iex> indexes = Explorer.Series.from_list([0, 2, 1, 0, 2])
iex> Explorer.Series.categorise(indexes, ["a", "b", "c"])
#Explorer.Series<
  Polars[5]
  category ["a", "c", "b", "a", "c"]
>

Elements that are not mapped to a category will become nil:

iex> indexes = Explorer.Series.from_list([0, 2, nil, 0, 2, 7])
iex> Explorer.Series.categorise(indexes, ["a", "b", "c"])
#Explorer.Series<
  Polars[6]
  category ["a", "c", nil, "a", "c", nil]
>

Strings can be used as "indexes" to create a categorical series with the intersection of members:

iex> strings = Explorer.Series.from_list(["a", "c", nil, "c", "b", "d"])
iex> Explorer.Series.categorise(strings, ["a", "b", "c"])
#Explorer.Series<
  Polars[6]
  category ["a", "c", nil, "c", "b", nil]
>
@spec clip(series :: t(), min :: number(), max :: number()) :: t()

Clip (or clamp) the values in a series.

Values that fall outside of the interval defined by the min and max bounds are clipped to the bounds.

Supported dtypes

  • floats: {:f, 32} and {:f, 64}
  • integers: {:s, 8}, {:s, 16}, {:s, 32}, {:s, 64}, {:u, 8}, {:u, 16}, {:u, 32} and {:u, 64}

Clipping other dtypes are possible using select/3.

Examples

iex> s = Explorer.Series.from_list([-50, 5, nil, 50])
iex> Explorer.Series.clip(s, 1, 10)
#Explorer.Series<
  Polars[4]
  s64 [1, 5, nil, 10]
>

iex> s = Explorer.Series.from_list([-50, 5, nil, 50])
iex> Explorer.Series.clip(s, 1.5, 10.5)
#Explorer.Series<
  Polars[4]
  f64 [1.5, 5.0, nil, 10.5]
>
@spec coalesce([t()]) :: t()

Finds the first non-missing element at each position.

Examples

iex> s1 = Explorer.Series.from_list([1, 2, nil, nil])
iex> s2 = Explorer.Series.from_list([1, 2, nil, 4])
iex> s3 = Explorer.Series.from_list([nil, nil, 3, 4])
iex> Explorer.Series.coalesce([s1, s2, s3])
#Explorer.Series<
  Polars[4]
  s64 [1, 2, 3, 4]
>
@spec coalesce(s1 :: t(), s2 :: t()) :: t()

Finds the first non-missing element at each position.

coalesce(s1, s2) is equivalent to coalesce([s1, s2]).

Examples

iex> s1 = Explorer.Series.from_list([1, nil, 3, nil])
iex> s2 = Explorer.Series.from_list([1, 2, nil, 4])
iex> Explorer.Series.coalesce(s1, s2)
#Explorer.Series<
  Polars[4]
  s64 [1, 2, 3, 4]
>

iex> s1 = Explorer.Series.from_list(["foo", nil, "bar", nil])
iex> s2 = Explorer.Series.from_list([1, 2, nil, 4])
iex> Explorer.Series.coalesce(s1, s2)
** (ArgumentError) cannot invoke Explorer.Series.coalesce/2 with mismatched dtypes: :string and {:s, 64}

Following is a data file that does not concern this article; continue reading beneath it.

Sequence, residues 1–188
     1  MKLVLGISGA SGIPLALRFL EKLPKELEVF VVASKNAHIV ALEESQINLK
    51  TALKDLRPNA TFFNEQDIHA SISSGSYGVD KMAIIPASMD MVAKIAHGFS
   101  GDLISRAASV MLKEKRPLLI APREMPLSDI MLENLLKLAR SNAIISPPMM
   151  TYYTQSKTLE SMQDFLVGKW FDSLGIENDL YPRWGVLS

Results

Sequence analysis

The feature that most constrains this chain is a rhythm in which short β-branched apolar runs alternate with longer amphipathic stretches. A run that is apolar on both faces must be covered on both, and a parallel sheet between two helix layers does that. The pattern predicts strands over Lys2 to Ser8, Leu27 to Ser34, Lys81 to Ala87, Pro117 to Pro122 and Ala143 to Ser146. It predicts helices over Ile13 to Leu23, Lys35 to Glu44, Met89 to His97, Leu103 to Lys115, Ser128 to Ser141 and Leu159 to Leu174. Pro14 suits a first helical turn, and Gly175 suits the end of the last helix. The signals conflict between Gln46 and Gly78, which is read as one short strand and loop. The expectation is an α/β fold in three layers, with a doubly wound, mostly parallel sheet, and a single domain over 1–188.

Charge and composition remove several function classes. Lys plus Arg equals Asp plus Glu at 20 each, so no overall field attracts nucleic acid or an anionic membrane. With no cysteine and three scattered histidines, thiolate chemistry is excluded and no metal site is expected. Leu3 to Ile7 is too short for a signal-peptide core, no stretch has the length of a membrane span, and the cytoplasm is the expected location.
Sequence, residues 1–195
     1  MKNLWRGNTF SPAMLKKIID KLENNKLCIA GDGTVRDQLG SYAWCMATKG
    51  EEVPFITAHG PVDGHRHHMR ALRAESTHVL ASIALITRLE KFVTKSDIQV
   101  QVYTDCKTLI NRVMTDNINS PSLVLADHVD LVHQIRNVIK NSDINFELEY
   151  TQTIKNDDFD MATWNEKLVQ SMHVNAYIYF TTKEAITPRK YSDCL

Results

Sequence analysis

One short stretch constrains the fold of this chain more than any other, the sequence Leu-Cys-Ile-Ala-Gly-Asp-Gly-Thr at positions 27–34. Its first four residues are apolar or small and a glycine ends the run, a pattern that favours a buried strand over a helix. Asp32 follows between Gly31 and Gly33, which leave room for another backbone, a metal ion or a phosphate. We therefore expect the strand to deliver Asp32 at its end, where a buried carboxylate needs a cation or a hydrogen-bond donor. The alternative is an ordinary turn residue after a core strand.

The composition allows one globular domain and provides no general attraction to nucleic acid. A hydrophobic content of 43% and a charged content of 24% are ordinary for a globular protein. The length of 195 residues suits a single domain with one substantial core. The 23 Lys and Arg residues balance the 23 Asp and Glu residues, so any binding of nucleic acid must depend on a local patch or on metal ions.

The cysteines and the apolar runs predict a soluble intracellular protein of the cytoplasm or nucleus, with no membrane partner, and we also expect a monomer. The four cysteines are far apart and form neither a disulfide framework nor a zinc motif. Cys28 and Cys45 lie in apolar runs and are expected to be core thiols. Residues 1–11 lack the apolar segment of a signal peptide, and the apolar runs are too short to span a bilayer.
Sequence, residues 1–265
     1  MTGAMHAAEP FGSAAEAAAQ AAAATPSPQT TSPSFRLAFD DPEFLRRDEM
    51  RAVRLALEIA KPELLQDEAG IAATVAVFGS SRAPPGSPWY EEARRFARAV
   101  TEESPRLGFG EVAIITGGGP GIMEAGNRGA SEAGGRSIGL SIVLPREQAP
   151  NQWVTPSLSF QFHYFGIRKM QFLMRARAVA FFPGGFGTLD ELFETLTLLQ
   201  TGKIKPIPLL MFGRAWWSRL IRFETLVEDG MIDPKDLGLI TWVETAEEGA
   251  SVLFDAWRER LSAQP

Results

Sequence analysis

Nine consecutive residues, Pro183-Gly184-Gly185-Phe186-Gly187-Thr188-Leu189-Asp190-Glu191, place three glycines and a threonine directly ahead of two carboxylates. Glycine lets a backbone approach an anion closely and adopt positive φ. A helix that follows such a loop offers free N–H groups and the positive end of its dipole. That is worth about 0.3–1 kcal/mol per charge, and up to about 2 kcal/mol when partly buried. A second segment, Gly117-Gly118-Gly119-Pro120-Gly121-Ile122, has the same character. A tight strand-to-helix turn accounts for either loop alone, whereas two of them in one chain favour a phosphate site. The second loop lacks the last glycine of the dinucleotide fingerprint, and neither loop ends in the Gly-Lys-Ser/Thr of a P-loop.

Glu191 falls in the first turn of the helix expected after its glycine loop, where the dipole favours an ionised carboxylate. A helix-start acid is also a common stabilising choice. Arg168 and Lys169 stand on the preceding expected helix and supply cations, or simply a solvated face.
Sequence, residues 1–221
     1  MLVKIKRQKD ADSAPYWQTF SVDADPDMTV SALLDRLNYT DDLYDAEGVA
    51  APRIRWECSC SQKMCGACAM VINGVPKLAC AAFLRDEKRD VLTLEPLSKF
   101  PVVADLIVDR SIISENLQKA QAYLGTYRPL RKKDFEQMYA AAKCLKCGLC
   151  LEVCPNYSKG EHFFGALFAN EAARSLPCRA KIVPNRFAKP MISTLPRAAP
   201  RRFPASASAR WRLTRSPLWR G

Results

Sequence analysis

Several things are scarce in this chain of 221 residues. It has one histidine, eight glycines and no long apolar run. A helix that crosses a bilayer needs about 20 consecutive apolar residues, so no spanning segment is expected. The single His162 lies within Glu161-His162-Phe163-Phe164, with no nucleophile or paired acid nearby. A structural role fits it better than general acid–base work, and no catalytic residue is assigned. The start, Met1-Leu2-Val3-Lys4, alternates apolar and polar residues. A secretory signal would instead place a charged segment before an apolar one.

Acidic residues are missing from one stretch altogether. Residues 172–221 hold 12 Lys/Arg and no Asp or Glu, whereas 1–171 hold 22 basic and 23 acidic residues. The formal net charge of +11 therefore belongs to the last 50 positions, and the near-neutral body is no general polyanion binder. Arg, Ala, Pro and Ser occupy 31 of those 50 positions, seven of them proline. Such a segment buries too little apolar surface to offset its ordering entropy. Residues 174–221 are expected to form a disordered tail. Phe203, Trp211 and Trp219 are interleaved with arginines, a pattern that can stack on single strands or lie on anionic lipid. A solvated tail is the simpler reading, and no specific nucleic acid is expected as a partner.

@spec divide(
  left :: t() | number() | Explorer.Duration.t(),
  right :: t() | number()
) :: t()

Divides left by right, element-wise.

The resulting series will have the dtype as {:f, 64}.

At least one of the arguments must be a series. If both sizes are series, the series must have the same size or at last one of them must have size of 1.

Supported dtypes

  • floats: {:f, 32} and {:f, 64}
  • integers: {:s, 8}, {:s, 16}, {:s, 32}, {:s, 64}, {:u, 8}, {:u, 16}, {:u, 32} and {:u, 64}

Examples

iex> s1 = [10, 10, 10] |> Explorer.Series.from_list()
iex> s2 = [2, 2, 2] |> Explorer.Series.from_list()
iex> Explorer.Series.divide(s1, s2)
#Explorer.Series<
  Polars[3]
  f64 [5.0, 5.0, 5.0]
>

iex> s1 = [10, 10, 10] |> Explorer.Series.from_list()
iex> Explorer.Series.divide(s1, 2)
#Explorer.Series<
  Polars[3]
  f64 [5.0, 5.0, 5.0]
>

iex> s1 = [10, 52 ,10] |> Explorer.Series.from_list()
iex> Explorer.Series.divide(s1, 2.5)
#Explorer.Series<
  Polars[3]
  f64 [4.0, 20.8, 4.0]
>

iex> s1 = [10, 10, 10] |> Explorer.Series.from_list()
iex> s2 = [2, 0, 2] |> Explorer.Series.from_list()
iex> Explorer.Series.divide(s1, s2)
#Explorer.Series<
  Polars[3]
  f64 [5.0, Inf, 5.0]
>
@spec equal(
  left ::
    t() | number() | Date.t() | NaiveDateTime.t() | boolean() | String.t(),
  right ::
    t() | number() | Date.t() | NaiveDateTime.t() | boolean() | String.t()
) :: t()

Returns boolean mask of left == right, element-wise.

At least one of the arguments must be a series. If both sizes are series, the series must have the same size or at last one of them must have size of 1.

Examples

iex> s1 = Explorer.Series.from_list([1, 2, 3])
iex> s2 = Explorer.Series.from_list([1, 2, 4])
iex> Explorer.Series.equal(s1, s2)
#Explorer.Series<
  Polars[3]
  boolean [true, true, false]
>

iex> s = Explorer.Series.from_list([1, 2, 3])
iex> Explorer.Series.equal(s, 1)
#Explorer.Series<
  Polars[3]
  boolean [true, false, false]
>

iex> s = Explorer.Series.from_list([true, true, false])
iex> Explorer.Series.equal(s, true)
#Explorer.Series<
  Polars[3]
  boolean [true, true, false]
>

iex> s = Explorer.Series.from_list(["a", "b", "c"])
iex> Explorer.Series.equal(s, "a")
#Explorer.Series<
  Polars[3]
  boolean [true, false, false]
>

iex> s = Explorer.Series.from_list([~D[2021-01-01], ~D[1999-12-31]])
iex> Explorer.Series.equal(s, ~D[1999-12-31])
#Explorer.Series<
  Polars[2]
  boolean [false, true]
>

iex> s = Explorer.Series.from_list([~N[2022-01-01 00:00:00], ~N[2022-01-01 23:00:00]])
iex> Explorer.Series.equal(s, ~N[2022-01-01 00:00:00])
#Explorer.Series<
  Polars[2]
  boolean [true, false]
>

iex> s = Explorer.Series.from_list(["a", "b", "c"])
iex> Explorer.Series.equal(s, false)
** (ArgumentError) cannot invoke Explorer.Series.equal/2 with mismatched dtypes: :string and false
@spec exp(t()) :: t()

Calculates the exponential of all elements.

Link to this macro

filter(series, query)

View Source (macro)

Picks values based on an Explorer.Query.